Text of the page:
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Game of Two Years Contender.

It’s certainly the game of the moment, with its surprise early multiplayer beta public release hitting over a quarter of a million concurrent players on Steam, but Game of the Year 2021 it will not be.

After a year’s delay and studio challenges, Halo Infinite is finally still slated for a December 8 release, but the full game’s features will be delivered piecemeal throughout 2022. That the co-op and Forge modes would be delivered in 2022 is something we’ve known since August, but in both a blog post and new interview with Eurogamer, it seems that the wait for a full experience (let alone an infinite one) will be somewhat longer than expected.

In August, Joseph Staten, Head of Creative at 343 Industries, said that his team was “targeting” a campaign co-op launch with Infinite’s second season and the “Forge” customisation suite for the third.

That in principle hasn’t changed, but the targeted dates for those seasons have. In a post on Halo Waypoint, Staten says:

“Season 1 will last from now until May 2022, which is a change from our original goal of shipping a new Season every three months. We made the decision to extend Season 1 to give ourselves more time to ensure Season 2 meets our high quality bar and so we can finish development for Season 2 in a healthy and sustainable way for our team.”

That’s a little longer than the three-month wait for Halo 5‘s Forge mode or the same expected three-month wait for Infinite this time. Staten discussed the reasons for the delay with Eurogamer:

“Well, the good news is that campaign co-op has been playable for some time. It’s playable now. But the goal is we want it to be a great experience. We don’t just want to ship a campaign co-op that barely works. We want to ship a campaign co-op that’s stable, that’s robust, that has the features players expect. And we’re also doing some other things that we haven’t talked about yet to really make meeting up with your friends, and you’re jumping into the game, good just not for campaign, but even better for multiplayer, too. So when it comes to shipping campaign co-op, we have a lot of other things that are kind of branches off that central trunk of campaign co-op that we think are an opportunity to just improve the whole game experience.”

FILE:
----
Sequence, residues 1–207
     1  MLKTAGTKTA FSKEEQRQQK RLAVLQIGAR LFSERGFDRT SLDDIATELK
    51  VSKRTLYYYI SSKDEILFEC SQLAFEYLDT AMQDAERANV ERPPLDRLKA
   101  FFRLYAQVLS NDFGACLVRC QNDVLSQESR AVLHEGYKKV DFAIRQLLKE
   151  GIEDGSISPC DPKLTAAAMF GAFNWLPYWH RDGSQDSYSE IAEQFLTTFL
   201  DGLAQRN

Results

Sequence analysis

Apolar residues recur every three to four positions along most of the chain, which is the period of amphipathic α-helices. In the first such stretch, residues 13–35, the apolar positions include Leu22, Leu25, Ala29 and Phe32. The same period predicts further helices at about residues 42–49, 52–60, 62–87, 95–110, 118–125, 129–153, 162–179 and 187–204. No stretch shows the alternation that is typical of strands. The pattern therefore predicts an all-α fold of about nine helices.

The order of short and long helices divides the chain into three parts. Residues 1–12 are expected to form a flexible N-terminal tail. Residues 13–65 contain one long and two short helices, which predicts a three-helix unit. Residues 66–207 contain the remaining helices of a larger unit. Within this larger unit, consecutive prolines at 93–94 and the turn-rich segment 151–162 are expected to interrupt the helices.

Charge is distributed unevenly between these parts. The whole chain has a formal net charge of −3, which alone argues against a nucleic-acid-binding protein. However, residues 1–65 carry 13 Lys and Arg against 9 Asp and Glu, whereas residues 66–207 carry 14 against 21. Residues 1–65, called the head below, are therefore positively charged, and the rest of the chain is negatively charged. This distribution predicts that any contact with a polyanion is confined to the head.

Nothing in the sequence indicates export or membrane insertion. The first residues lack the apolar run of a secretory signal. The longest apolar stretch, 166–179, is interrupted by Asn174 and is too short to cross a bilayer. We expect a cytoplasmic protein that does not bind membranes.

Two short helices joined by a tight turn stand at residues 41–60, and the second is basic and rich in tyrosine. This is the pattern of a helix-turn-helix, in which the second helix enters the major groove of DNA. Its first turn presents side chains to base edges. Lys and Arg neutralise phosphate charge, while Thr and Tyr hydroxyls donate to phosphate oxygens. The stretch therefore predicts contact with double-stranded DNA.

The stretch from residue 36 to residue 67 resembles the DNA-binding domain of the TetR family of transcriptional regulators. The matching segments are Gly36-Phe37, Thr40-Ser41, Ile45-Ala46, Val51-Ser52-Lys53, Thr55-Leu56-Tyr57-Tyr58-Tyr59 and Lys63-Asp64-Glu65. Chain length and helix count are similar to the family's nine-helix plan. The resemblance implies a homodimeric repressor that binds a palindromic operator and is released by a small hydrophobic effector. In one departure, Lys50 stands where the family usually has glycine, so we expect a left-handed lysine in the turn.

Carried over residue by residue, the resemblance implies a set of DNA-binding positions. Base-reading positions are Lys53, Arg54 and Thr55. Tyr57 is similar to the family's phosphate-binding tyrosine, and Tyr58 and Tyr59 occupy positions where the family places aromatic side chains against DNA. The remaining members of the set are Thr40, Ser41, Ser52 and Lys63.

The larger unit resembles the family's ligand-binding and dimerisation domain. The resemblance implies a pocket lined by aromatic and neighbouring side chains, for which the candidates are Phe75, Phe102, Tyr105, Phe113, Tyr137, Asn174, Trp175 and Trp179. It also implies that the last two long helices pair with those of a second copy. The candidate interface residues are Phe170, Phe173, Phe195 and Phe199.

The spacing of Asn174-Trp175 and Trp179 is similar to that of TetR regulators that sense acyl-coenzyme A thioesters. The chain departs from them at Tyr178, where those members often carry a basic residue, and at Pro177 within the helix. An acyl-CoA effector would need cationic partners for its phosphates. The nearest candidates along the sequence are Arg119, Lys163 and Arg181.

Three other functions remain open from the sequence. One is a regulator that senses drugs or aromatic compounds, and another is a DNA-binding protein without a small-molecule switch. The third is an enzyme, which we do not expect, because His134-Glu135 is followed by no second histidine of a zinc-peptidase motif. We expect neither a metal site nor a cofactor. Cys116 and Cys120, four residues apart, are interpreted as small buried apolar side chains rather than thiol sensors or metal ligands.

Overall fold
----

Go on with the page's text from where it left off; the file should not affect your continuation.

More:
With season one being extended until May, it’s also an issue of flexibility.

“Those remain targets. And we can’t commit to any hard dates right now, because as we’re seeing with this multiplayer beta, other things might move up in the priority stack for us,” Staten says. “If it turns out that our progression system just isn’t working the way that we intended, if we need to move some of these bigger rocks that I talked about sooner then we as a team will make those decisions and will clearly communicate to our fans why we’re why we’re doing certain things.”

I’m currently loving the beta of Halo Infinite‘s multiplayer, which will remain free-to-play on PC and Xbox consoles on its December 8 release. However, it sounds like the campaign’s full price or complimentary release through Xbox Game Pass, will be best experienced this time next year. I expect we’ll see more clarity in January.

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